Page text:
Accessing information on the move has never been easier. Whether it’s checking your emails or trying to remember where you’ve parked your car, technology has radically changed even the simplest of functions. However, it is reliant on strong connectivity and having the right infrastructure in the right places.
To meet this demand, networks are made up from all manner of masts, towers and hundreds of miles of cabling, but the march of technology means continued investment in these systems and that poses challenges for operators and landlords alike.
Network operators have long argued that to meet the need for faster connectivity – and 5G in particular – the Government needs to make installation of key equipment quicker and cheaper. In December 2017, the Government introduced the Electronic Communications Code. The Code seeks to bring the installation of telecommunications equipment more in-line with traditional utilities and gives operators greater scope when it comes to accessing land and installing new kit.
For businesses and consumers this is good news, but it is a drastic change for landowners and local authorities who will face new pressures from network operators when it comes to securing value from apparatus on their land.
A changing world
The headline change introduced by the Code is that local authorities (and other landowners) will be forced to accept much lower fees from operators for having telecommunications equipment on their land. This applies to both existing equipment when agreements come to be renewed and to new agreements to install equipment. While the Code isn’t a true compulsory purchase mechanism, if a local authority won’t agree to the new terms proposed, including a low rent, an operator can ask a tribunal to intervene.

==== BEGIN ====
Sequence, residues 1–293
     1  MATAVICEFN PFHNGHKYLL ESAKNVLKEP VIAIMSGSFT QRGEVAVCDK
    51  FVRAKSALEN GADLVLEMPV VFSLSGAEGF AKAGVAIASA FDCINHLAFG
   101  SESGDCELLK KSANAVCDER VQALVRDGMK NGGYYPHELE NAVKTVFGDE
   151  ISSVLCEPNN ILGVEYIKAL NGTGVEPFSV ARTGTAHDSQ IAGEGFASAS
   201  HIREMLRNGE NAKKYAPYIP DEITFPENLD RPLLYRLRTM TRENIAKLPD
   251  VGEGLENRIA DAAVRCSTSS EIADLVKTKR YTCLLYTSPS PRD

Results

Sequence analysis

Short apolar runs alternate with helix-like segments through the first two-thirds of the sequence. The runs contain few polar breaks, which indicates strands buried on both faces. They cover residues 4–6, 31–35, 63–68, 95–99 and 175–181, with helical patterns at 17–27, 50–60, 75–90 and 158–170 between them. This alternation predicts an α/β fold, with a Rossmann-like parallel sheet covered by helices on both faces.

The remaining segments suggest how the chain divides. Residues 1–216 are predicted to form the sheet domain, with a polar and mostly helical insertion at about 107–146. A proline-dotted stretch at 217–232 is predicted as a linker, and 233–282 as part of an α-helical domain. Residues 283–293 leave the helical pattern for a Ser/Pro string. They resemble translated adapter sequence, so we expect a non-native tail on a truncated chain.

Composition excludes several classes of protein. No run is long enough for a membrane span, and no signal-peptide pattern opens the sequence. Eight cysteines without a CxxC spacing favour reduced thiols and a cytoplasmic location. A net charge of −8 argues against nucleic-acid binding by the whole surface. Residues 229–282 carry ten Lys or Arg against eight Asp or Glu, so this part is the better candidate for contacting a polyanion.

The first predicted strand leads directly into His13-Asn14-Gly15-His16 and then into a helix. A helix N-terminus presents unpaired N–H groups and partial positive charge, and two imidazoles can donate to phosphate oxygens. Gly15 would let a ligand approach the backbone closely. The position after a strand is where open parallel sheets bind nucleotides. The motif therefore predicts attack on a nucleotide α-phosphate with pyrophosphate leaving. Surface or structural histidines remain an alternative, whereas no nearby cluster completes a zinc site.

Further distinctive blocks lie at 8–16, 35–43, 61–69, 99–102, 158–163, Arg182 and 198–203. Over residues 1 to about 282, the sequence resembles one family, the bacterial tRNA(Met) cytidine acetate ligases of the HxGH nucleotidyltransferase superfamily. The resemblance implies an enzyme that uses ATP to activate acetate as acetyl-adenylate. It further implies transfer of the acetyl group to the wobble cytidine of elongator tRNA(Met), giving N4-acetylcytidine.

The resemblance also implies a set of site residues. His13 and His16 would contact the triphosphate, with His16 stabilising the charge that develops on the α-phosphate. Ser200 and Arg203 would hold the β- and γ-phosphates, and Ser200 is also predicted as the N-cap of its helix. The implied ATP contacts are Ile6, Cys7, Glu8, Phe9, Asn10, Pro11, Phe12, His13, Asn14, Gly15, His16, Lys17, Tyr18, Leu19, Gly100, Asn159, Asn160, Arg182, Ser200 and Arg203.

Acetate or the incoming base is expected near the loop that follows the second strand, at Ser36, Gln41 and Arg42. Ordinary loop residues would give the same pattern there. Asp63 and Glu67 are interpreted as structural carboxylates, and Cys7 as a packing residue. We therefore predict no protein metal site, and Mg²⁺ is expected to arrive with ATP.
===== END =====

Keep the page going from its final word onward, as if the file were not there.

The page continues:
The recent case of EE & Hutchison (H3G) v Islington London Borough Council, demonstrated how the Code works in action. Applying the Code’s new method of assessing the value of the site based on alternate possible uses, EE & H3G argued that a rooftop site at the council’s Threadgold House – a ten-storey block of 55 flats – only had a nominal value of £1 based on the possible alternate uses, specifically solar panels and a roof-top garden.
While prior negotiations between EE and H3G and the council had landed on £21,000 p.a. agreement, this wasn’t completed before the Code came into force. Based on the new Code valuation principles – and refusing to accept the £1 fee – the council instead put forward a suggested rental value of £13,250 p.a. The council argued this figure was based on historic telecommunications transactions from the 1990s when landowners were unaware of the true value of land to the industry – and therefore a fairer representation.
However, while the Upper Tribunal agreed the £1 valuation wasn’t accurate, they ruled in favour of the telecoms giants. The rooftop was deemed to have a value of just £50 p.a. and a rent of £1,000 p.a. was awarded, to take into account the other benefits that would be enjoyed, such as the council’s building’s insurance and management services.
A race to the bottom?
Islington isn’t alone in finding itself pitted against the telecommunications industry and longer-term the challenge for both local authorities and operators is likely to be avoiding conflict: If an operator refuses to pay healthy rents, why would a landowner agree to host equipment on their site? And if so, what does that mean for the rollout of future technology?
However, while it is important local authorities understand they are unlikely to be able to command the same level of rent they once could, they needn’t accept the first low offer either.
Instead – should an authority wish to challenge the grant of Code Rights – establishing the inherent value of an identified site will help secure a better rental value. For example, what other alternative uses might that site offer, is it earmarked for redevelopment and what other rights and benefits is the operator seeking?
It’s then possible to challenge an initial valuation and secure a better outcome for the authority.
Zoe Wright is a property litigation partner at law firm Blake Morgan